How do you save a marriage? That’s a heavy question but an answerable one.
Is your relationship going up in flames, flatlined?
There is still hope if you and your spouse don’t want to give up. New houses are built on top of the charred ground every day. Flatlined people come back to life with a new, fresh and hope-filled perspective on life.
Every day in all walks of life, things literally come back from the dead and marriages are one of those things.
Here are some quick emergency tips if your relationship has reached a tipping point.
Do Damage Control
A relationship that’s near death, is sustaining a lot of damage and fast.
Everyone starts jumping on the destruction bandwagon. It’s even common for family, friends and co-workers to join in. These people feel your hurt and want to protect you so they may tell you to ditch that “loser” otherwise known as your spouse.
The problem is, you may not be convinced this is the right choice. After all, you realize you’re being a jerk, too.
Ever hear the saying, “hurting people hurt people”?
Well, you’re living proof of that. So is your spouse.
You and your spouse are beating the crap out of each other—if not physically, at least emotionally.
You have to break the damage cycle no matter how much you want to hit back.
You have to and quick.
If you don’t, your marriage simply won’t survive.
If you feel your relationship is worth keeping, apologize and say something nice even if it feels hokey at first.
Get that snowball rolling in a positive direction instead of the opposite.
If you’re in a relationship with someone other than your spouse, that relationship needs to end immediately.
Distance yourself (at least for a while) from those who tell you to throw in the towel. Surround yourself with people committed to the restoration and success of your marriage.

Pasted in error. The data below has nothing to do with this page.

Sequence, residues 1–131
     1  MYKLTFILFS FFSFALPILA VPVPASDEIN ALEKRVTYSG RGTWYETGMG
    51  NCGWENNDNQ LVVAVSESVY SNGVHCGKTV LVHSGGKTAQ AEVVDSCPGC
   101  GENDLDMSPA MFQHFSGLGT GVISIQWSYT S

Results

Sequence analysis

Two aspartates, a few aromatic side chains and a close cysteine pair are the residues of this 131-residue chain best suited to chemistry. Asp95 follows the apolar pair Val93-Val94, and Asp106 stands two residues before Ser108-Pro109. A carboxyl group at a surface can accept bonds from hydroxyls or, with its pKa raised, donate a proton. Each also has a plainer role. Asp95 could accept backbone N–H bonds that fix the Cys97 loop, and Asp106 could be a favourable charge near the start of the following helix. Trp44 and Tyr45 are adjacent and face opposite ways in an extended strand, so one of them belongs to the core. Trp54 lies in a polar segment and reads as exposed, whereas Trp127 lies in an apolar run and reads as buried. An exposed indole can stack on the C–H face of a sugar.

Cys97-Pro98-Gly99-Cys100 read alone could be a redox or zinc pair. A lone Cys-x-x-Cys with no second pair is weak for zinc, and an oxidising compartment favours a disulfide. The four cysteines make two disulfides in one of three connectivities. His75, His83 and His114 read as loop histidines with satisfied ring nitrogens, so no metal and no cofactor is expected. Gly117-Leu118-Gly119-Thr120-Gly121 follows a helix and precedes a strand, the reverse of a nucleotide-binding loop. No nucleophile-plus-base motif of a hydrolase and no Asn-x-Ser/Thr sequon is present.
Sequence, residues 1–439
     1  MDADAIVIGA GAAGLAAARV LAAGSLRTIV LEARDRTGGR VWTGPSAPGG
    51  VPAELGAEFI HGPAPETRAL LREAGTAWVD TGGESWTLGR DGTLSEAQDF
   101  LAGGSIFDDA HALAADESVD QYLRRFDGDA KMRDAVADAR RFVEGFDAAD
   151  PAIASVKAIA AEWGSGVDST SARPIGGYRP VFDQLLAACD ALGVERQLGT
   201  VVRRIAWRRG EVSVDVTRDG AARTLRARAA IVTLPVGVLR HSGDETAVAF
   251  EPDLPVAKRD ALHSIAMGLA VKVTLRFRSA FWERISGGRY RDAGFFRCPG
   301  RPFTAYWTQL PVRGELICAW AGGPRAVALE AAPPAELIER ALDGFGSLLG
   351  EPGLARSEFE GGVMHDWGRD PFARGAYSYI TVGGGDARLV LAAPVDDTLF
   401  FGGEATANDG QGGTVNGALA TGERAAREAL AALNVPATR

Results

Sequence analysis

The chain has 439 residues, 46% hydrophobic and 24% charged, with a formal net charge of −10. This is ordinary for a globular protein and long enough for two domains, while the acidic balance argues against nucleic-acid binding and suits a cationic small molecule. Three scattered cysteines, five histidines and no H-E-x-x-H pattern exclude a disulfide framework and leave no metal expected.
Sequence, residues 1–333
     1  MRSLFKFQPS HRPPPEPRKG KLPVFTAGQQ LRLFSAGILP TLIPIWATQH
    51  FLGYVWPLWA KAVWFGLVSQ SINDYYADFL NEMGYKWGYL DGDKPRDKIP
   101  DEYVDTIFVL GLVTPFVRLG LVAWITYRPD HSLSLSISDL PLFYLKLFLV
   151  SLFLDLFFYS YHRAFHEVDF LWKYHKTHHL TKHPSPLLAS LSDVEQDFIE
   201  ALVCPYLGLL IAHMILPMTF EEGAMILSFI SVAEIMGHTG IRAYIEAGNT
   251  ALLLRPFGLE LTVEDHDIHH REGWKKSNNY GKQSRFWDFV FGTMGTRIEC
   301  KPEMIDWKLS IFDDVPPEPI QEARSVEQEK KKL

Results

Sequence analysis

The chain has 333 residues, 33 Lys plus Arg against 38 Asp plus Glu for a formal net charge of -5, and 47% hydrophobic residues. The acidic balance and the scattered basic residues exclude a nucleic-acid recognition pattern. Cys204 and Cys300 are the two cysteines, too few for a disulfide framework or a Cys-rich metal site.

After Damage Control, Start Rebuilding
It took two to tear things down and it’ll take two to rebuild.
Don’t be disillusioned into thinking this process will be quick and easy.
But also don’t believe for a minute that the hard work won’t be worth it.
It most certainly will.
Yes, it’s way easier to destroy a relationship than rebuild one, but it’s possible for things to get better in many cases. And the result can be a relationship that’s stronger than ever before.
If you’re both committed to making things better, you can begin the healing path together.
Set safeguards on internet and phone usage to regain trust if that’s needed.
Set goals together. Find a trusted professional to help you come up with a plan and stick to it. Don’t get discouraged if the process seems slow. Schedule time to do things together.
Just focus on small victories. Over time, those small victories will turn into big ones.
If you knew that someone you loved was stuck in a burning house and needed help, would you have the courage to rescue them?
That someone who needs to be rescued is your spouse. They need to be rescued from their own destructive tendencies and so do you.
That sounds like a good team.
Don’t you think?